OBJECTIVES: To investigate the diagnostic accuracy of visual inspection of magnetic resonance imaging (MRI) in a range of pathologically confirmed diseases causing young-onset dementia and to assess the sensitivity and specificity of atrophy patterns for Alzheimer disease (AD) and frontotemporal lobar degeneration (FTLD).
DESIGN: Sixty-two patients with pathologically confirmed diseases that may present as young-onset dementia were selected from a biopsy and postmortem series. The first diagnostic T1-weighted volumetric MRI was obtained for each patient, together with images from 22 healthy control subjects. All MRIs were assessed for regional atrophy independently by 3 neuroradiologists, blinded to all clinical details except age. Observers were also asked to use their clinical judgment to form a diagnosis.
RESULTS: Eighty-seven percent of dementia cases were distinguished from controls after visual inspection of MRI, and a correct pathologically confirmed diagnosis was given in 58% of cases. Hippocampal atrophy was noted in 92% of AD cases but was commonly seen in other dementias and controls. A bilateral symmetrical pattern of hippocampal atrophy discriminated AD from FTLD with 47% specificity, while posterior greater than anterior gradient of atrophy was 92% specific for AD. Atrophy of the anterior, inferior, and lateral temporal lobes was suggestive of FTLD pathology (> or =90% sensitivity), while anterior greater than posterior gradient of atrophy and hemispheric asymmetry of atrophy were each at least 85% specific for FTLD.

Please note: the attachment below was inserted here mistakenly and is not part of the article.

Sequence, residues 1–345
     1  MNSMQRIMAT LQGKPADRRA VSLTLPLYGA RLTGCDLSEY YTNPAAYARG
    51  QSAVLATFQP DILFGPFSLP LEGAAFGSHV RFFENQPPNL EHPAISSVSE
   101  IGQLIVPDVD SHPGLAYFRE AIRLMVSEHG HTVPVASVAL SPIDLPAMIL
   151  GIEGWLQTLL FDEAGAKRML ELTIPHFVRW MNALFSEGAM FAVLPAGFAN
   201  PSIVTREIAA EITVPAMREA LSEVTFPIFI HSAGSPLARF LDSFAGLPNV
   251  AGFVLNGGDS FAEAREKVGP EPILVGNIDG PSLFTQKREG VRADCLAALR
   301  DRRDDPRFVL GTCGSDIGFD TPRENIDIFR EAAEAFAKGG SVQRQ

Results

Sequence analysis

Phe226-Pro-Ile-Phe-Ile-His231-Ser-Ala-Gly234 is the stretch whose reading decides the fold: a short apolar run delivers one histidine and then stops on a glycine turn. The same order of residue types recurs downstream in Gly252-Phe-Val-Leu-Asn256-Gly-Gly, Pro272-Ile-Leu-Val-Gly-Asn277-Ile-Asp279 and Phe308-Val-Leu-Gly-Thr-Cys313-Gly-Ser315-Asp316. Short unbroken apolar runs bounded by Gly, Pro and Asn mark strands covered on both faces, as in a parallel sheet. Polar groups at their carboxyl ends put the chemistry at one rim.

CONCLUSION: Despite variation and overlap of atrophy patterns, visual inspection of regional atrophy on MRI may aid in discriminating AD and FTLD.
- Alzheimer Disease
- Confidence Intervals
- Diagnosis, Differential
- Logistic Models
- Magnetic Resonance Imaging
- Middle Aged
- Sensitivity and Specificity
- Comparative Study
- Journal Article
- Research Support, Non-U.S. Gov't